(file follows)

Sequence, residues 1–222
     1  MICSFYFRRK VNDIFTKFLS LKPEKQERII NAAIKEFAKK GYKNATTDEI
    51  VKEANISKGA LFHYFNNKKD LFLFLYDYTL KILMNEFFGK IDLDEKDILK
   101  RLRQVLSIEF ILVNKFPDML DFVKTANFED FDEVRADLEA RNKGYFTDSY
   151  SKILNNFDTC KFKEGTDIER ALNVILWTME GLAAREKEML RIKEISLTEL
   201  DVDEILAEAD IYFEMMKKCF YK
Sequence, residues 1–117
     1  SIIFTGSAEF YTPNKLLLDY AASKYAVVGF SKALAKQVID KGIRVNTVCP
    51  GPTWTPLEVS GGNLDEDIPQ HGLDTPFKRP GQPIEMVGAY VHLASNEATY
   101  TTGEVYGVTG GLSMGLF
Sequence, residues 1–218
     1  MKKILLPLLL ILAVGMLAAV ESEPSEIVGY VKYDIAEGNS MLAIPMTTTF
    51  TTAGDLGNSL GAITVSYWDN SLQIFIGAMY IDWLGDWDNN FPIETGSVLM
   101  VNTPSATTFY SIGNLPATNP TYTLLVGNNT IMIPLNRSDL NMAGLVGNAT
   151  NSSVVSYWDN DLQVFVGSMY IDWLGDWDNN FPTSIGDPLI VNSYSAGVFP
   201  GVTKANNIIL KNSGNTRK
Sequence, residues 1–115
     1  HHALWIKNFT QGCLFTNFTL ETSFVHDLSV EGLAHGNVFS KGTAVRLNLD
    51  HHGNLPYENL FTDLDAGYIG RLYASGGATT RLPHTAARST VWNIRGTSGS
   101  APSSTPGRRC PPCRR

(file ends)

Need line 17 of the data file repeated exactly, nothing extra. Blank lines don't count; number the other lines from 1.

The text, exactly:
Sequence, residues 1–115